On Friday, July 4, we attended a lecture, given by Peter Thompson, on the Mexican Revolution. Dr. Thompson presented important dates and persons of the Revolution, framing it as “Bonapartan” uprising and identifying its key features as land reform, the bourgeoisie and unions, U.S. intervention, oil, the Church, the army and massive corruption and fraud.
Mexican literature and art have often taken the Revolution as subject, sub-text or setting. Key works of literature include Mariano Azuela’s classic novel of the Revolution told by a doctor who rode with Pancho Villa’s army, Los de Abajo (The Underdogs); Juan Rulfo’s El Llano en Llamos (Burning Plains and Other Stories), which presents intense vignettes and characters fighting the revolution; and Angeles Mastretta’s Arrancamé la Vida (Tear My Heart Out) the story of a young woman married to a ruthless general twenty years her senior. Of these three, I especially enjoyed Arrancame la Vida, as it offers not only a glimpse into the corruption and violence that sustains power, but also a woman’s struggle for her own independence at a key time in Mexican (and western world) history. It was also the only one of the three that I read in Spanish, which meant it required more work for me, but I found the story most engaging.
Both the Revolution and the War for Independence have deep history in north central Mexico, the region of Hidalgo, Guanajuato, Querétaro and San Miguel de Allende. We made a trip to Dolores Hidalgo, the city where the Mexican War for Independence began on September 16, 1810, then to Atotonilco to visit the church (Santuario) there, followed by a stop at one of the area’s hot springs.
We began the excursion in Dolores Hidalgo outside the church across from the Plaza Principal, la Parroquia de Nuestra Señora de los Dolores, where Father Hidalgo gave the Grito de Dolores that initiated the war. We didn’t have an opportunity to enter the church, unfortunately, although I understand it has beautiful altars, although its most attractive feature is its exterior.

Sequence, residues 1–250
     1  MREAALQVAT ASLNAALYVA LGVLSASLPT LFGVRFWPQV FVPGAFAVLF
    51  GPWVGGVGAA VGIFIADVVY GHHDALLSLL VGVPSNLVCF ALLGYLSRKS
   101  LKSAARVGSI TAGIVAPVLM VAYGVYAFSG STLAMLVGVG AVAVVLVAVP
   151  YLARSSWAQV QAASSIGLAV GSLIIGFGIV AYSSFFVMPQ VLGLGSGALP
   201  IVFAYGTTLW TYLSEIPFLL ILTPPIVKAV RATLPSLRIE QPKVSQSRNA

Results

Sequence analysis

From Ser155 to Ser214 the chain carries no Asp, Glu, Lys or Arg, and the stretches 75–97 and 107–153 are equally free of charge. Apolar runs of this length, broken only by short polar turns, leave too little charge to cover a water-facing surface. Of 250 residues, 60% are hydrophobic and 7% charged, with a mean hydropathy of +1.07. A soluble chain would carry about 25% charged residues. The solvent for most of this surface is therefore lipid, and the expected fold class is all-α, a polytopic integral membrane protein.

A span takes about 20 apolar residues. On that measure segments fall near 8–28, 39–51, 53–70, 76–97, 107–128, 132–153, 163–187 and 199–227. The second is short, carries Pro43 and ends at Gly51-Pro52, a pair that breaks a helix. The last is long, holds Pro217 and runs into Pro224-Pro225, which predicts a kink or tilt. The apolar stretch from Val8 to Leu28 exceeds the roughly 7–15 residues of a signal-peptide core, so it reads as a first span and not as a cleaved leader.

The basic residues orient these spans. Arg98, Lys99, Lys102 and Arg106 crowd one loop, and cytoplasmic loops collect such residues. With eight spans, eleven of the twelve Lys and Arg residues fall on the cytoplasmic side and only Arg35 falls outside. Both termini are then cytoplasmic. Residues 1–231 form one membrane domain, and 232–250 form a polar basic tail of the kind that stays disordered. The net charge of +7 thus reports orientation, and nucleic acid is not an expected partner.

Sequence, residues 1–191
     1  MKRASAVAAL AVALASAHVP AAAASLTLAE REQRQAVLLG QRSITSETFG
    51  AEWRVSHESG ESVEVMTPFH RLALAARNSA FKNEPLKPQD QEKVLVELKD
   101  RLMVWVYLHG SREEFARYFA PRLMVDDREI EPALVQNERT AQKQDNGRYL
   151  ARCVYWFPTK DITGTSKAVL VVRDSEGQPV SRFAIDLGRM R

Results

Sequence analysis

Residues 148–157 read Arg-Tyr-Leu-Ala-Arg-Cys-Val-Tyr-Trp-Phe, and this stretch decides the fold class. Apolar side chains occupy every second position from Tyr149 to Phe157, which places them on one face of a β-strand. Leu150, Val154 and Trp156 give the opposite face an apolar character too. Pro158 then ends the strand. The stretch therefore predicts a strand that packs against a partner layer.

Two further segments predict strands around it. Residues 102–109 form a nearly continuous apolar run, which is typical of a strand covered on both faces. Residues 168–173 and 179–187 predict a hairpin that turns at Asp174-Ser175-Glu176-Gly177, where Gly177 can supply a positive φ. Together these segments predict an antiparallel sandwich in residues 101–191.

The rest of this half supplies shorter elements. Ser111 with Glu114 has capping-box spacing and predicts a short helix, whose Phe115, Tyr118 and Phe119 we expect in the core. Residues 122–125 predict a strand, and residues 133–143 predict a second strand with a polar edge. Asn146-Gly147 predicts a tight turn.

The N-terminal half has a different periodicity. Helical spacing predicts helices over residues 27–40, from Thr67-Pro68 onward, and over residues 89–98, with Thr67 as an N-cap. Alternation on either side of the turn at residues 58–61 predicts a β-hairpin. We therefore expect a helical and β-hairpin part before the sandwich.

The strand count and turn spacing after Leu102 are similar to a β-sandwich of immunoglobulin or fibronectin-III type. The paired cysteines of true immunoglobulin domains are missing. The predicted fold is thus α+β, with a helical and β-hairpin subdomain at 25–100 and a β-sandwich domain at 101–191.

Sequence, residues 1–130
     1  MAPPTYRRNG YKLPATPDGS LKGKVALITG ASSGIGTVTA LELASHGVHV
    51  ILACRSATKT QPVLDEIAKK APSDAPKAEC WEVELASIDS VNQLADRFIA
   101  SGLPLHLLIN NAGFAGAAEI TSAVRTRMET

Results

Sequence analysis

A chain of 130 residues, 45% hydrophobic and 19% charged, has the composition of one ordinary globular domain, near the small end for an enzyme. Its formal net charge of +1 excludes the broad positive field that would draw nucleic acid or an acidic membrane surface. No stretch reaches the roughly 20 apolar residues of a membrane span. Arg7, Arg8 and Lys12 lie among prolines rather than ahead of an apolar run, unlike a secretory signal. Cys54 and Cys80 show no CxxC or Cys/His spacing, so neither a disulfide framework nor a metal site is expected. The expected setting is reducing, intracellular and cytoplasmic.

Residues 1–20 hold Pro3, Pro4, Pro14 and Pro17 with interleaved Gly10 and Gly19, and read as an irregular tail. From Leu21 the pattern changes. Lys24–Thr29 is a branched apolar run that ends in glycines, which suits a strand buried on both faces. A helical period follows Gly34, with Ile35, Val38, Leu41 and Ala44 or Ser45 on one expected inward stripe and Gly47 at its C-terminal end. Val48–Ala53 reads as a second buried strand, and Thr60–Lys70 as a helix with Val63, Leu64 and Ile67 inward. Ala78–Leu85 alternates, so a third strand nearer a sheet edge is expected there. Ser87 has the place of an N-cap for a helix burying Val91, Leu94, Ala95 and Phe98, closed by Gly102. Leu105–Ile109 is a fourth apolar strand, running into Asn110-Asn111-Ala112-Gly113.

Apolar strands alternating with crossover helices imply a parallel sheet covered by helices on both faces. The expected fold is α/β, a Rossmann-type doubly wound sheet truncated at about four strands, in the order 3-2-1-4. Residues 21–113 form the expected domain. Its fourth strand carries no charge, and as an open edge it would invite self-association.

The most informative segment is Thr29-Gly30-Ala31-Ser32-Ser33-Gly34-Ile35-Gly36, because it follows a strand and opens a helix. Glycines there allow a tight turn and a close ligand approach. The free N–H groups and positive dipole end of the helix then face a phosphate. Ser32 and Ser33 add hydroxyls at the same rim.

From there walked to one of several of the pottery fabrícas where the selection of talavera—a different style from the talavera of Puebla--was overwhelming. Here we watched the artisans, young women and men, paint the fired pottery: everything from sinks and large jardinières to mosaics of the Virgin of Guadalupe, dinner sets, wall ornaments in the shape of parrots, frogs and lizards and tiny dishes.
Father Hidalgo’s home, now a museum—Museo Casa de Hidalgo, was our last stop. The museum, built around a lovely courtyard, preserves Father Hidalgo’s furnishings, while other rooms display important documents and artifacts memorializing the War for Independence, including a replica of the flag of the revolution bearing the image of the Virgin of Guadalupe (the original is in Mexico City.) One large room is filled with funeral wreaths, memorials—even an urn with the bones of a hero.
Stopping for a wonderful ice cream – Besa del angel—we hurried to the bus for the short trip to Atotonilco. The Santuario de Atotonilco is important in the history of the War for Independence—here Fr. Hidalgo and Ignacio Allende (who was married there) came to take the banner of the Virgin of Guadalupe to San Miguel de Allende. The church also remains an important site for pilgrims and penitents. It is especially associated with images of the suffering Christ, el Señor de la Columna—Jesus at the pillar, bloodied by whipping and the crown of thorns (whips and replicas of the crown of thorns are sold across from the church.) However, the Santuario also features a beautiful Chapel of the Rosary with a shell of silver sheltering the Virgin of the Rosary. The historical and political significance of the church and its deep religious traditions—both folk and official—make this a particularly fascinating site.
The church has undergone recent renovations, but ruins remain behind the church, which are , unfortunately littered with rubbish. When we were there, two painters with easels faced the church through the ruins, an interesting perspective on the religious and political landmark.
The trip ended with a visit to la Gruta, one of the balnearios—hot springs turned to resorts. I was expecting something like a Yucatán cenote, only with the heat turned up. The hot spring cave was quite different. Instead of a natural pool in a limestone cavern, la Gruta is a series of blue concrete, relatively shallow swimming pools, which grow warmer as you near the interior of the cave that presumably gives the site its name. A small but powerful man-made waterfall pours into the cave, which gives an invigorating massage. When the waterfall is off, the inner pool is tranquil and steamy. To be alone in that pool is a spiritual experience.
The combination on this trip and the schedule—facilitated because all the sites we visited are close to San Miguel de Allende—made an interesting, educational and multi-dimensional day experience. The last out-of-town excursion organized by UNO for this month’s residency, this trip was perhaps not the most important (culturally, artistically or educationally), but certainly the best planned.